It is said that a child conceived at this time has a great destiny ahead of them. It’s possible, but I don’t know how likely. A child conceived now would probably not be born until Imbolic, and you hardly ever hear about a famous person having a birthday in Jan or Feb (famous presidents not included). It is also a time of removing the old and replacing it with the new. Making way in the groups and in the family for that which has outlived it’s purpose and allowing the new things to take it’s place.

From a sportsman’s point of view, this is the time when new young bucks start challenging each other for their position in the herd, and when the King Stag can be challenged to defend his right to the females. So, once again, the old making way for the new.

More information:

Mike Nichols’ Beltane
The Druid’s Celtic Calendar
Four major festivals of the Celtic CalendarOkay, take a break, walk around, and when you are ready, come back and skip to the end of this red part and continue with the information. Now that the riff-raff is gone, many of these sites that I have been putting as references are holding information on all the other holidays as well. Just a heads up so that you can start looking in greater detail.

Oh, and you are wondering how I found these excellent sites? Simplicity itself. I went to Northern Lights Search Engine and typed the holiday of my choice into the search window, and got all these excellent references. OH! You’re back! Great, onward and upward….

Litha

Called Midsummer, Alban Hefin, and Feill-Sheathain. Celebrated on the Summer Solstice, the longest day of the year. Usually this is June 21, although it can be the 20th to the 22nd. In my tradition, this is when the God goes to sleep, after his hard labor through the Winter. Leaving the Goddess to take care of us during the Summer.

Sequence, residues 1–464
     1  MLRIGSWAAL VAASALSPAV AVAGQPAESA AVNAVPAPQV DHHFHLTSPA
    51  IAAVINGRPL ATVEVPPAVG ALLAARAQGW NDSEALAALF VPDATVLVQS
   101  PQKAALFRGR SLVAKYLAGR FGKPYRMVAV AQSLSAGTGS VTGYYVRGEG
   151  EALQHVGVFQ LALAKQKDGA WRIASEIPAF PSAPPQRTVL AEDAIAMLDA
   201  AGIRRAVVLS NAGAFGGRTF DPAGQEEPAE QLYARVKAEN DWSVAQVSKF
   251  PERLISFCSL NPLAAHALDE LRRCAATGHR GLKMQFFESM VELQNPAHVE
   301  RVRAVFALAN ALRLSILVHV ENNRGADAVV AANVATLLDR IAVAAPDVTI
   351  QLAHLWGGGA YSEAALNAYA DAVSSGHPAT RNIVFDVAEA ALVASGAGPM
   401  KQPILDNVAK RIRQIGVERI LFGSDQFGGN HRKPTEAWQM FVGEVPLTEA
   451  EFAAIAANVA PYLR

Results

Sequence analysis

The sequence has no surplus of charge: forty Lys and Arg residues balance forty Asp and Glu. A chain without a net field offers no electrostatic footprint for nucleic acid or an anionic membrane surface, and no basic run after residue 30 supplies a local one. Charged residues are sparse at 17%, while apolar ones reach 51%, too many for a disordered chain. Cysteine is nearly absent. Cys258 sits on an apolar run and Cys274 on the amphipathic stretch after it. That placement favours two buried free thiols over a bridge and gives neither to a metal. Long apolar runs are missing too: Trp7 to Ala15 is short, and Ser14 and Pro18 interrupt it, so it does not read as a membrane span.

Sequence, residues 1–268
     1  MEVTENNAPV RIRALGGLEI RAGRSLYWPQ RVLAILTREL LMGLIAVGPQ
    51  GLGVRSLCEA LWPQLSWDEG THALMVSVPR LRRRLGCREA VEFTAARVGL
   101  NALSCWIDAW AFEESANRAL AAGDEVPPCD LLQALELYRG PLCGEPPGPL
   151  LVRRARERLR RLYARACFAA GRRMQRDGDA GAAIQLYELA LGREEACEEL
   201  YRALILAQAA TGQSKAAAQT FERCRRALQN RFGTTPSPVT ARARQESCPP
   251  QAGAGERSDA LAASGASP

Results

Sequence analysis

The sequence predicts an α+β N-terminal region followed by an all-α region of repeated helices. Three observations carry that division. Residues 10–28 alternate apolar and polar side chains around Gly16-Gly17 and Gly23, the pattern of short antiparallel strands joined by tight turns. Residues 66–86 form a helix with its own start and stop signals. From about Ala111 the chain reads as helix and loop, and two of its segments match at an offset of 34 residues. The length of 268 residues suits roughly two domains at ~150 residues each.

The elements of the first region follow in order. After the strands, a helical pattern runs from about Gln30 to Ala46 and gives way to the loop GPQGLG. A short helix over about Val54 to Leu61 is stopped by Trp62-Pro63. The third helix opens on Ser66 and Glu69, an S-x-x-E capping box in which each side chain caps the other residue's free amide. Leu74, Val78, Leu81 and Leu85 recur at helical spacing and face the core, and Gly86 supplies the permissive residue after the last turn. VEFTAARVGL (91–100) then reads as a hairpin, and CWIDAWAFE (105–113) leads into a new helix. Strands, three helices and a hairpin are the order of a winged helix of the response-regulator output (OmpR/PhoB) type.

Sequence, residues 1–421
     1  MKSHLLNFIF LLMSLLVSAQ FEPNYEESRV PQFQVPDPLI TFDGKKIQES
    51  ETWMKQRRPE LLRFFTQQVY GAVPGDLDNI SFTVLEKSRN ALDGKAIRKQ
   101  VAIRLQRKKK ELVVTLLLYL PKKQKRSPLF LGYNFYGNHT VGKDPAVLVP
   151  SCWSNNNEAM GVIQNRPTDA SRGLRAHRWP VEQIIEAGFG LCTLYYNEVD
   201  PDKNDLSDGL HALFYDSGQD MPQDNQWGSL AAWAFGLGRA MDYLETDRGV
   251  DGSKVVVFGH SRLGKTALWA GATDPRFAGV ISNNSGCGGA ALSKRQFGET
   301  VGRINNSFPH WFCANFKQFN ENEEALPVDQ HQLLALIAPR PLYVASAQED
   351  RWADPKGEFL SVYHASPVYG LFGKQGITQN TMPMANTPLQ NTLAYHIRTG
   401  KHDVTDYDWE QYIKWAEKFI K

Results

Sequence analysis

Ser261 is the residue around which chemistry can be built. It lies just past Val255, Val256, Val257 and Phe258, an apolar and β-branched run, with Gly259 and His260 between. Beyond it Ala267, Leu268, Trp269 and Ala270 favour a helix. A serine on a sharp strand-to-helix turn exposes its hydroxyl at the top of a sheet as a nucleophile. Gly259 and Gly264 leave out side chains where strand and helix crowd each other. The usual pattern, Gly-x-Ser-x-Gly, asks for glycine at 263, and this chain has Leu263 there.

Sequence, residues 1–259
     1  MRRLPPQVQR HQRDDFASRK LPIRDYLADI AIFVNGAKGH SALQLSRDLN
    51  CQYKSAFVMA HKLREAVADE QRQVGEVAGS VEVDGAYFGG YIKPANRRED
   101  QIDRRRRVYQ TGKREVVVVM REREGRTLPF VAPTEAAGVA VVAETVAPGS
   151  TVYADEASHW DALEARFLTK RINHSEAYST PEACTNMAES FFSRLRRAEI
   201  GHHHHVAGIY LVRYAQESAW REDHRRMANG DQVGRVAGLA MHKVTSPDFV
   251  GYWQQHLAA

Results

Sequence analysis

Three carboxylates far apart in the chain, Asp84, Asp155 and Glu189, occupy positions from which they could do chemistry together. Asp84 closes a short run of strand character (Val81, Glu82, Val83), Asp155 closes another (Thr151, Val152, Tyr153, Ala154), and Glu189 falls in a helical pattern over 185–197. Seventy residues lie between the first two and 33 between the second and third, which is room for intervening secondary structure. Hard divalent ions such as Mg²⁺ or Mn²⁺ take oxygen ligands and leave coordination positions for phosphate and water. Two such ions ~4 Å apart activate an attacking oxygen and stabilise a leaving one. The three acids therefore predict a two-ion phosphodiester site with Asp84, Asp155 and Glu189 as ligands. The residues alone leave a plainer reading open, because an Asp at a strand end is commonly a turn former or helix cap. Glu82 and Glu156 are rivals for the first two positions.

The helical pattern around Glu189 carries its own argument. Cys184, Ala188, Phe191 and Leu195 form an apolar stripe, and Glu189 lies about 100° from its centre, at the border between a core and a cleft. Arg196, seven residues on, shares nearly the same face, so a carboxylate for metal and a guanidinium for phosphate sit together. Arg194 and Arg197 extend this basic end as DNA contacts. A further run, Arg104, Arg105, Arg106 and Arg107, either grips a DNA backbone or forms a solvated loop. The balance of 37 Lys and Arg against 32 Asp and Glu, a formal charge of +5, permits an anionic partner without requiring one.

Many would dispute this, citing that the Sun is up, The Sun King is in all his Glory. How can He go to sleep? To which I answer, my God is the Lord of the Beasts, not the Solar God. You say tomato, and I don’t say it at all….

According to some, the Mother is pregnant with the new God to be born on Yule when the Oak King dies. Interesting, no? Just like a typical male, going off and leaving his “wimmen” pregnant at home. (THIS IS A JOKE) Can you see where we got the “Father Time/Baby New Year” myth in current modern Western Culture?

More Information:

http://pagan.drak.net/ecomancer/Litha0621.htm
http://www.religioustolerance.org/summer_solstice.htm
Mike Nichols Summer Solstice

Lughnassdad

Correct Spelling!!! Important!!!

Called Lammas, Cornucopia (Strega), and Thingtide (Teutonic). The last Fire Festival of the year, before the cycle repeats itself. Celebrated on July 31st – August 2nd. The midpoint of the Lady’s journey taking care of us. She is at the height of Her power now, and boy is it HOT….

This is probably the start of the Harvest season. Things that can be harvested now, should be, to be stored for later in the Winter. While this ceremony can be dedicate to Lugh, as the name would imply, most often in the Celtic Reconstructionist way, it is dedicated to his foster mother, Tailltu.

Mostly, what I have been able to glean from most of the sources I looked at was this, this is a time to thank the Gods for a good growing season, and to start harvesting the crops. If anyone else turns up more, I would be interested in seeing it.